# Simple Inequality for holomorphic functions

Let $g:D \longrightarrow \mathbb{C}$ be holomorphic on an open set $D$. Let $B$ be a disk with centre $c$ such that $\bar{B} \subset D$. Then $|g(c)| \leq \max_{z \in \partial B} |g(z)|$. Why is this statement true? Does it follow from Cauchy's integral formula?

• Okay I think I got it. Nevermind then May 29, 2017 at 17:46

This is a consequence of the maximum principle:

Proposition. Let $f\colon U\rightarrow\mathbb{C}$ be a holomorphic function on an open connected subset of $\mathbb{C}$ and let $z_0\in U$. If $|f|$ has a local maximum at $z_0$, then $f$ is constant.

Proof. This follows from the fact that non-constant holomorphic functions are open, which itself is derived from the fact that holomorphic functions satisfy the identity principle and the existence of a complex logarithm in $D(1,1)$. $\Box$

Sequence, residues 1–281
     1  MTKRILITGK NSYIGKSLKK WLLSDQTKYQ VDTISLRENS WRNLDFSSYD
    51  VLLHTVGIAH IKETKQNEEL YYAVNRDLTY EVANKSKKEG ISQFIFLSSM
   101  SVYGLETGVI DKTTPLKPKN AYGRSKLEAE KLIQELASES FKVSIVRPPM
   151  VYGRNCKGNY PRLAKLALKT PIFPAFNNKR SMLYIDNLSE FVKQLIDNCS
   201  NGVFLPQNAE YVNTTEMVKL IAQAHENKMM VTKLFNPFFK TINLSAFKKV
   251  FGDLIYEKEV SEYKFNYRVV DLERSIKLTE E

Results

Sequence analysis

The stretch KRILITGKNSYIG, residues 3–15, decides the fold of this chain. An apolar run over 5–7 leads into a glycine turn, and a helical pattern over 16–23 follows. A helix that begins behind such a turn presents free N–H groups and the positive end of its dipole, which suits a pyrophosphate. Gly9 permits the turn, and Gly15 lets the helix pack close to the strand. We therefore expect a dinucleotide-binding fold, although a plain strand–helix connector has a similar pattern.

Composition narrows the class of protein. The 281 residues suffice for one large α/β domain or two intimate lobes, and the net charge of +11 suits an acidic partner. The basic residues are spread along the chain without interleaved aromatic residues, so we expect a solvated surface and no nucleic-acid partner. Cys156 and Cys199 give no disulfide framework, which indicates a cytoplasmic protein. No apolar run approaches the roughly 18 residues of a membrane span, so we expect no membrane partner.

From there, one can derive the following:

Proposition. Let $f\colon U\rightarrow\mathbb{C}$ be a holomorphic function on a connected and bounded subset of $\mathbb{C}$ such that $f$ is continuous on $\overline{U}$, then $\sup\limits_{z\in U}|f(z)|\leqslant\sup\limits_{z\in\partial U}|f(z)|$.

Proof. Since $\overline{U}$ is compact and $|f|$ continuous on it, $|f|$ reaches a maximum on $\overline{U}$. If its maximum is reached in $U$, then using the above proposition, $f$ is constant and the desired equality holds. $\Box$

The last proposition is stronger than the result you aimed for.